We’ve all heard the phrase “the internet is forever.” That’s certainly true. Once you put something out there, it’s out there for good. But other things are forever, too, like screenshots and social media histories.
In the case of Kyle Rittenhouse, the 17-year-old former police cadet currently charged with first degree murder (among other felonies) for shooting a trio of attackers during the riots in Kenosha, Wisconsin, they haven’t gotten much just yet from his social media.
The mainstream media’s enjoying tagging him as a “police admirer” and waxing poetic about his Back the Blue posts on his Facebook page. Oh, how terrible. He supports law enforcement? The scandal.
If the worst thing the MSM can say about your Facebook page is that you support law enforcement, you’ve done something right. If they can’t dig up old BoogBoi posts, “f*** around and find out” memes, or anything else potentially derogatory or incriminating, that’s a good thing.
Just how much does your social media presence matter as a gun owner? It matters a great deal more than many people realize or care to admit.
All too often gun owners fail to considerable the possible repercussions of their online behavior. Just this morning there was a guy on a friend’s Facebook post saying he didn’t understand why Kyle Rittenhouse didn’t shoot one of his attackers in the head twice rather than shooting him in the bicep because, the commenter said, that’s what he would have done.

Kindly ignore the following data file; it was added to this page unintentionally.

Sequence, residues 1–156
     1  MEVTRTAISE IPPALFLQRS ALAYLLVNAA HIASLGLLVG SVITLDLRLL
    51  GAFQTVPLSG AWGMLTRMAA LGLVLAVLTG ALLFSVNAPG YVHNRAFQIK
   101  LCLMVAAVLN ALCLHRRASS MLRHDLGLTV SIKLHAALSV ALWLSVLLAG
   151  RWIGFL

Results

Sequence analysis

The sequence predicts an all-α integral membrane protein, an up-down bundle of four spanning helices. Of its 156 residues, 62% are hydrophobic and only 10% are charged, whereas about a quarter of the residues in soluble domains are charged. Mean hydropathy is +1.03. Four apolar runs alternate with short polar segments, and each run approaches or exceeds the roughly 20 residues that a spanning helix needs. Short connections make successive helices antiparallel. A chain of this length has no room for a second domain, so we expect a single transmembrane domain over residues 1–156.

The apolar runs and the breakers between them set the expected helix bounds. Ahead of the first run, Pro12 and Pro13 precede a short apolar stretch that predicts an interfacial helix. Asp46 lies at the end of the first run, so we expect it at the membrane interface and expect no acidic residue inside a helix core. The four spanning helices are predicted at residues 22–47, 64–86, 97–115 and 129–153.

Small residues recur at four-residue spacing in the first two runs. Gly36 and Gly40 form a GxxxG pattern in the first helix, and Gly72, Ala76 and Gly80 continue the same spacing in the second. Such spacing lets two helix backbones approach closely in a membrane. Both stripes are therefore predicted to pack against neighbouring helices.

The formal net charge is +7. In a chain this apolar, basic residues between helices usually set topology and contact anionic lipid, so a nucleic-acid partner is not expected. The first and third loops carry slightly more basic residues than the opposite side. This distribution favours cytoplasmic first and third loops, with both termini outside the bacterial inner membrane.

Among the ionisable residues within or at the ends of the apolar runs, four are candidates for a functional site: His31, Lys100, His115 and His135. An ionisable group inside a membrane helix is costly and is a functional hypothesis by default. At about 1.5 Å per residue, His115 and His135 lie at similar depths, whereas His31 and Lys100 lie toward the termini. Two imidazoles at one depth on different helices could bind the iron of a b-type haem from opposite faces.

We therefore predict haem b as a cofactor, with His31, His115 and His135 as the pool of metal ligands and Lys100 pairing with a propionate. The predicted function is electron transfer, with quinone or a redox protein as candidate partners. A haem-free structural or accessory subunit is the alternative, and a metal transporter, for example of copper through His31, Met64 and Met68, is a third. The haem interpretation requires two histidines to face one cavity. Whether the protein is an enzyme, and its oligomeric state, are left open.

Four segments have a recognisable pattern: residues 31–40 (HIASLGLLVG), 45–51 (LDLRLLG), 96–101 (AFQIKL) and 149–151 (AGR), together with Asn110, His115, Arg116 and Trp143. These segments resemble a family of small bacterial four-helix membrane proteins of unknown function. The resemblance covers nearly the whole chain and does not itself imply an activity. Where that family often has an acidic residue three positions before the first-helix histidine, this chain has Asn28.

Sound innocent? It’s not. Someday a prosecutor could have a field day with it. Don’t be that guy.
You are not John Wayne. This is not a movie. This is real life. Not only do your actions have consequences, but so do the words and images you post online. Think you’re safe because you have a troll account or deleted an old account? Nope. It can all be found and traced right back to you. And will be if you ever find yourself in a jam.
Yes, it’s annoying to have to weigh every meme you post or comment you make for how inflammatory or damning it might one day be, but it’s the smart thing to do. It’s frustrating that even sarcasm can be so easily twisted against you. But wouldn’t you rather bite your tongue now than have social media comments and posts condemn you later? What’s the marginal utility of posting that cutting comment now if it may come back to haunt you later?
A good rule of thumb to follow is to post, text, and email like it will one day be read out loud in court to a judge and jury. That doesn’t mean you can’t have fun, but don’t be a blatant idiot.
Now, in the age of COVID-19 lockdowns, restrictions and a crazy amount of looting and rioting, things are at a tipping point. There’s a ludicrous amount of posturing, swagger, and “wish a motherf***** would” going on out there on social media platforms.
Throttle it back, guys. Stop and consider what this could do to you one day. Stop and imagine “one day” might be a lot sooner than you think.
Say it with me: everything is discoverable. It doesn’t matter if you made a problematic comment last week or seven years ago. Once it’s out there, it’s out there and discoverable. If you’re ever involved in a self-defense shooting, you can bet all of your social media will be mined for something — anything — that can be used against you.
Is yours clean?